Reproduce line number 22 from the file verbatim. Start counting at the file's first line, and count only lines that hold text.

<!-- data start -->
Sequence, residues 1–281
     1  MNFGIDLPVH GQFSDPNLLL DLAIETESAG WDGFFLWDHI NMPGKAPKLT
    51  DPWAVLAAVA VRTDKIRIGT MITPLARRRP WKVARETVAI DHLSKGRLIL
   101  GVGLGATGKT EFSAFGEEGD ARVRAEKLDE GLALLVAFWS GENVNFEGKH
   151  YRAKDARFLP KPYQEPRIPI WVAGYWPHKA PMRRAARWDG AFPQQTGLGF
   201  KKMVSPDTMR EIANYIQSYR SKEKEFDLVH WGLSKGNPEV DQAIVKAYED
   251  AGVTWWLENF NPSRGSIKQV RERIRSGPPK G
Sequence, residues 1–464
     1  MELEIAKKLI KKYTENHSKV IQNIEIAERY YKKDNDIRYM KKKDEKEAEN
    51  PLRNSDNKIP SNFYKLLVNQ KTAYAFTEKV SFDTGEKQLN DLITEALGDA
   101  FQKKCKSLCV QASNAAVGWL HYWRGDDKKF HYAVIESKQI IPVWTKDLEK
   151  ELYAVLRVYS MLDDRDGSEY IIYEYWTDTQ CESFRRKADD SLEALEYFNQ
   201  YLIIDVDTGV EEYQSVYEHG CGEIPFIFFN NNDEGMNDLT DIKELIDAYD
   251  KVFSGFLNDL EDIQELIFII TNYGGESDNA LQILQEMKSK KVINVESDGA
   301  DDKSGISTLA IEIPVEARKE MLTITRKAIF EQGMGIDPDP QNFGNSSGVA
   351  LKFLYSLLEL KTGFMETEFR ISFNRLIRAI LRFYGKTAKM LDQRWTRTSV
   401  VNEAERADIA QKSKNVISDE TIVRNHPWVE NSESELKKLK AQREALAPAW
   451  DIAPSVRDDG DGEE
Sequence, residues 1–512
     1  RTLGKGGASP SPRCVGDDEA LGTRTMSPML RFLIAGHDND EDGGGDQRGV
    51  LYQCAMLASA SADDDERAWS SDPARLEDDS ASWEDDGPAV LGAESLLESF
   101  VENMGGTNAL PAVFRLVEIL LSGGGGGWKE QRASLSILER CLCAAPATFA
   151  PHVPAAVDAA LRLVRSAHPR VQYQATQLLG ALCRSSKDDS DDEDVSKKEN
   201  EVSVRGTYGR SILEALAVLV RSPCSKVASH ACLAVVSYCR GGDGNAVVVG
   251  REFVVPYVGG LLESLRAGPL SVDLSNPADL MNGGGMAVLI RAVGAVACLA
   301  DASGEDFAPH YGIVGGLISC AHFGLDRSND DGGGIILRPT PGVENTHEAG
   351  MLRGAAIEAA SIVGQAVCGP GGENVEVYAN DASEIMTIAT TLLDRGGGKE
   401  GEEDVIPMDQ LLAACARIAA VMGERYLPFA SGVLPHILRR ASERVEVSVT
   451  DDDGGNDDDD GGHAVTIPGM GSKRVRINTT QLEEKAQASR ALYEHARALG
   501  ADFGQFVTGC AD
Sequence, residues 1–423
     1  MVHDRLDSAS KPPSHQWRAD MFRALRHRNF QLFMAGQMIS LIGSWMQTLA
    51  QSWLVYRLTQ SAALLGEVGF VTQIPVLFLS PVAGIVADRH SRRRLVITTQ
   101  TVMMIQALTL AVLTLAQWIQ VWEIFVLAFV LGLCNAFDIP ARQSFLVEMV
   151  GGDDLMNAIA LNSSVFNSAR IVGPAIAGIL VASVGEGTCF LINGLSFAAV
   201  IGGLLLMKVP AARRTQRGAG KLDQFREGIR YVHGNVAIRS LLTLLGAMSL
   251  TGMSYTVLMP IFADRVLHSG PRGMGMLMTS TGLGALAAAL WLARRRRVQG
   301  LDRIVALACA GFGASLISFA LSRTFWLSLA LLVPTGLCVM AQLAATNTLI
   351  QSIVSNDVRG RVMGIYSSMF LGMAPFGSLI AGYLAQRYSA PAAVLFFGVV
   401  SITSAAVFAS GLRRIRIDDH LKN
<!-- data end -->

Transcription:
   101  VENMGGTNAL PAVFRLVEIL LSGGGGGWKE QRASLSILER CLCAAPATFA